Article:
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NCLB Outrages

How Entrepreneurialism Provides Instant Access to School Quality

Ohanian Comment:
Here's the news item that set me off:

Parents, Policymakers and Community Leaders in Wyoming Gain Instant Access to Powerful Student Achievement Data and Analysis

NEW YORK, July 27 /PRNewswire/ -- Parents in Wyoming can now easily determine how their child's school compares to other schools in Wyoming and whether they need to take action to improve their child's education. The School Information Partnership (SIP) announced today that student achievement data from all public schools in Wyoming are now available instantly online at http://www.schoolresults.org/.

Oh my oh my. We have instant meals; why not instant data judging every school in America?


The Broad Foundation describes itself as an entrepreneurial philanthropic organization. For a fuller description of the activities of Eli Broad, see, Why Is Corporate America Bashing Our Public Schools? by Kathy Emery and Susan Ohanian.

Here's the spin offered by The School Information Partnership, whose members include The Broad Foundation, Standard and Poor's, National Center for Educational Accountability, and the U. S. Department of Education. If you want to know if your state participates, go to the url at the bottom.

The School Information Partnership is a public-private collaboration designed to empower parents, educators and policymakers to use the No Child Left Behind (NCLB) data to make informed decisions and improve school results. Standard & Poor's created the website which includes a suite of interactive analytical tools from Standard & Poor's School Evaluation Services and the National Center for Educational Accountability's Just for the Kids. For schools, districts and states across the nation, the website will display available data required to be publicly reported under NCLB. This initiative is funded by The Broad Foundation and U.S. Department of Education.

Here is their Q & A page:

Frequently Asked Questions

Q: What is the School Information Partnership?

The School Information Partnership is a public-private initiative focused on giving all education stakeholders information and analytical resources that will help them use education data to make informed decisions and improve student achievement. The initiative has two distinct but related phases. This document focuses on the first phase. Phase II will be announced in the near future.

Q: What are the goals for the School Information Partnership?

The School Information Partnership has three main goals:

To empower parents, educators and policy makers with a set of analytical tools that help them use data to inform their education decisions;

To further the national dialogue on improving academic progress and student results; and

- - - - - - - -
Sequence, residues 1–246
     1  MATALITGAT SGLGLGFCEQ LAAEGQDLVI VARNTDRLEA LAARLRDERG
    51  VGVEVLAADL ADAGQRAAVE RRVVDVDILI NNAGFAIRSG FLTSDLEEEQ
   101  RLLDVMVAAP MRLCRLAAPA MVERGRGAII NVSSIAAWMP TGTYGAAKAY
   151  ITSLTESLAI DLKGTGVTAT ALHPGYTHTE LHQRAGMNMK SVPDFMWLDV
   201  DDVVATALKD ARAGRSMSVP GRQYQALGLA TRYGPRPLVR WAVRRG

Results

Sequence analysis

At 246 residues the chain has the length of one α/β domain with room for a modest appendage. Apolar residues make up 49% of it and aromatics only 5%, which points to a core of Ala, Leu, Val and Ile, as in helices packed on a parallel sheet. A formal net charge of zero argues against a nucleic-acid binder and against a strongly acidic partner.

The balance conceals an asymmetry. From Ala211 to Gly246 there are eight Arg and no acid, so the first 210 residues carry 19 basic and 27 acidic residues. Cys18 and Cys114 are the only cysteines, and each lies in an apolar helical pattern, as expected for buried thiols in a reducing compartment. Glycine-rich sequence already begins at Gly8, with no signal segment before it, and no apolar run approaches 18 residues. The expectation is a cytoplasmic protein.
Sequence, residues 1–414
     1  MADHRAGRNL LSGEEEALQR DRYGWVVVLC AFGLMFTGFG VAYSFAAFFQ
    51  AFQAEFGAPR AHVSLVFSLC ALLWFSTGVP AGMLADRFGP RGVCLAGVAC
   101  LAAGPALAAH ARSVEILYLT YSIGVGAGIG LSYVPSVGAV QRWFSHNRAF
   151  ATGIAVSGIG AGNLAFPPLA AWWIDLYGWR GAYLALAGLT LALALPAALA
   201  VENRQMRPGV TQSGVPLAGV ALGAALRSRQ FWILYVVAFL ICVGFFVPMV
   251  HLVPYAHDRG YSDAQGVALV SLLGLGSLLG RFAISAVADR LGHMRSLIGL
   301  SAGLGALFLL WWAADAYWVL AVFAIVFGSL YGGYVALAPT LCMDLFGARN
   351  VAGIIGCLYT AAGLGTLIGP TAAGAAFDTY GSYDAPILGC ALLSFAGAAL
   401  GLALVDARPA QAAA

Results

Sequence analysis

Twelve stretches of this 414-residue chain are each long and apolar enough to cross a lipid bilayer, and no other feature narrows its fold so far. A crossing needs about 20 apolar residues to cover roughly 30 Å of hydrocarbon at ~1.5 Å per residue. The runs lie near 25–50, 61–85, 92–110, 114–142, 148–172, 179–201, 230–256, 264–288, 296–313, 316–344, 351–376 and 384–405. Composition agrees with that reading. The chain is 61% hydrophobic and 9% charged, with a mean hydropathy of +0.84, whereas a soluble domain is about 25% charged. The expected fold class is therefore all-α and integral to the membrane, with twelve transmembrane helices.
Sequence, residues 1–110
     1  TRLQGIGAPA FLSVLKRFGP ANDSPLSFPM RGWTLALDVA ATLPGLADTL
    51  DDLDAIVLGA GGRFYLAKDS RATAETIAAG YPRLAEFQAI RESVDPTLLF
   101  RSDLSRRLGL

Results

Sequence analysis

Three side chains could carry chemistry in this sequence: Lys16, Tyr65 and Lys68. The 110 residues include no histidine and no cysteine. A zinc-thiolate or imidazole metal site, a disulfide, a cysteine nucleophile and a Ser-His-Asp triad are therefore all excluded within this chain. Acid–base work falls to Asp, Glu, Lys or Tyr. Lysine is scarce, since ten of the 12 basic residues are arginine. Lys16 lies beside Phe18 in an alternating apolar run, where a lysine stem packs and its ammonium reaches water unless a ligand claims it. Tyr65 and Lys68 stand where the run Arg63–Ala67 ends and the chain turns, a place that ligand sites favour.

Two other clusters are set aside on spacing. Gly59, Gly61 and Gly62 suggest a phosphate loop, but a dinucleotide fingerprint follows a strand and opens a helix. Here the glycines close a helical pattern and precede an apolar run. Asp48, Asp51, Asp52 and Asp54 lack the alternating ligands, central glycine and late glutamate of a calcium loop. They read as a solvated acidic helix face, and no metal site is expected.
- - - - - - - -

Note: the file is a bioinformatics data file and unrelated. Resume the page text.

To help all states and districts meet the report card requirements of the No Child Left Behind (NCLB) Act.

Q: What is delivered in Phase I?
Phase I involves the creation of a public website (www.SchoolResults.org) designed to empower parents, educators and policy makers to use the No Child Left Behind (NCLB) data to improve student learning. Phase I will launch in January 2004 with the first group of states. In summer 2004, all of the available and relevant NCLB data for the 50 states, Puerto Rico and the District of Columbia will be displayed on the website. Phase I brings together a unique suite of analytical tools from Just For The Kids and Standard & Poor's School Evaluation Services to help people understand, compare and project school, district and state progress.

Q: How does SIP help states and districts comply with the NCLB Report Card Requirements?

The U.S. Department of Education has determined that the reporting of state and district data through the SIP will fulfill the NCLB report card mandates, as long as states supply the necessary data to the SIP in a timely fashion.

Q: Is the SIP different from what states are currently doing with data in-house?

Yes. The tools and analysis provided by the SIP are intended to complement states' data infrastructure and analytical efforts. The SIP is not meant to replace existing state data warehousing and collection capabilities, nor is the SIP designed to provide states with a data infrastructure.

While states may have already built a NCLB reporting data infrastructure, the SIP provides states with a suite of analytical tools to advance states' current data collection and analyses in two unique ways: (1) by providing independent analysis of state data, free of partisan bias, and (2) by synthesizing academic, financial and demographic data to help states and districts understand and improve their Return on ResourcesTM (Phase II).